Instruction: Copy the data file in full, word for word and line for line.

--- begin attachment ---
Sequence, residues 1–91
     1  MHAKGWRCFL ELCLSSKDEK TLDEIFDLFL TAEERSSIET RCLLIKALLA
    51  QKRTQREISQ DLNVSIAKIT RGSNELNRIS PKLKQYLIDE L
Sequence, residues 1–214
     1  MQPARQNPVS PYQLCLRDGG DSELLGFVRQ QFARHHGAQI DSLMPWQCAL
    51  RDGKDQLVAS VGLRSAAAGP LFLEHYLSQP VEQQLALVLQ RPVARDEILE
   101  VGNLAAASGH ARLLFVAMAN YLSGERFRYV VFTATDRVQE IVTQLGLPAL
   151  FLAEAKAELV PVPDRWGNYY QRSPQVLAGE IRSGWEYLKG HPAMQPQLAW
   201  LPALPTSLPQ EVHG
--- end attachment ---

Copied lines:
Sequence, residues 1–91
     1  MHAKGWRCFL ELCLSSKDEK TLDEIFDLFL TAEERSSIET RCLLIKALLA
    51  QKRTQREISQ DLNVSIAKIT RGSNELNRIS PKLKQYLIDE L
Sequence, residues 1–214
     1  MQPARQNPVS PYQLCLRDGG DSELLGFVRQ QFARHHGAQI DSLMPWQCAL
    51  RDGKDQLVAS VGLRSAAAGP LFLEHYLSQP VEQQLALVLQ RPVARDEILE
   101  VGNLAAASGH ARLLFVAMAN YLSGERFRYV VFTATDRVQE IVTQLGLPAL
   151  FLAEAKAELV PVPDRWGNYY QRSPQVLAGE IRSGWEYLKG HPAMQPQLAW
   201  LPALPTSLPQ EVHG